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SPOILER ALERT: The NBC sitcom Parks and Recreation ended its sixth season last night with the endlessly-optimistic public servant Leslie Knope becoming a federal employee by accepting a job as the National Park Service’s Midwest Regional Director, and then talking her new boss into relocating the office to her hometown of Pawnee, Indiana. Which is great news for the show’s viewers, but raises troubling questions about multiple violations of civil service rules. FedLine has exclusively obtained a copy of the Interior Department’s inspector general report into Regional Director Knope’s activities: To: Jonathan Jarvis, director, National Park Service From: Mary Kendall,…

Not with a bang but with a high-pitched whimper. The slow death of the federal helium program

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On Oct. 1, 2013 the federal government became the victim of a gridlocked Congress and began to shut down. Hundreds of thousands of workers were furloughed without notice while many more kept working – unsure of when they would be paid. Just one day later the 50 or so employees at the Bureau of Land Management’s Cliffside Gas Field – the last remaining federal helium plant – breathed a sigh of relief. The facility had only been allowed to operate until Oct. 7, but Congress had managed to finalize legislation that would keep the facility open for more than six…

When is a wedding plan so awesome the Coast Guard gets involved?

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You know your wedding day will be memorable when it triggers a series of environmental reviews and a proposed rule from the federal government. That is definitely the case for a lucky person named “Ellie,’ whose planned wedding fireworks display on June 27 about 1.5 miles into the Long Island Sound near Greenwich, Conn., had to be approved by the U.S. Coast Guard. Because the fireworks will be launched from a barge in navigable waterways, the Coast Guard had to perform an environmental impact review and formally establish a temporary safety zone. “This temporary rule proposes to establish a safety…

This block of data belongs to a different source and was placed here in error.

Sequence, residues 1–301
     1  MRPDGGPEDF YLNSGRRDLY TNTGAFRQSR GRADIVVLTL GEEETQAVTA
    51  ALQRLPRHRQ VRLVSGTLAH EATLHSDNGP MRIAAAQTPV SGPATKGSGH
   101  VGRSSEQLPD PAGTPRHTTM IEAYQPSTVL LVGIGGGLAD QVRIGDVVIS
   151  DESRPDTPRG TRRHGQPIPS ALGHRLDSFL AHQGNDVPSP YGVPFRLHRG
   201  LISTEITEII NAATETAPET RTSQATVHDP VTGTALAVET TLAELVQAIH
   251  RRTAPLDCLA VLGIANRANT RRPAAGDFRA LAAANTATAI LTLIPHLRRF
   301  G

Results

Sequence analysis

How many people get arrested at Burning Man? The answer will surprise you.

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Every year at the end of August nearly 70,000 people descend on Black Rock Desert in Pershing County, Nevada to take part in the celebration of radical self expression known as Burning Man. And for many people it’s synonymous with drug use and burning a giant wooden man in the middle of the desert. But according to the Bureau of Land Management — which has jurisdiction over government land and the Burning Man festival grounds in particular — the number of people cited or arrested is quite low for its size and duration. In 2013 only 6 people out of…

Man at heart of $500 million contracting scandal arrested, charged with murder

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Braulio Castillo first became famous when he was the subject of a House investigation into how he parlayed a 30-year-old prep school ankle injury into getting $500 million in contracts in the form of a special service-disabled veteran status for his company Signet Computers. He suffered the injury while attending the U.S. Military Academy Preparatory School in 1984 but played football the next year at the University of San Diego. In 2012 he filed a claim with the Veterans Affairs office to get the special status as a service-disable veteran. His special status helped get his company Signet Computers (renamed…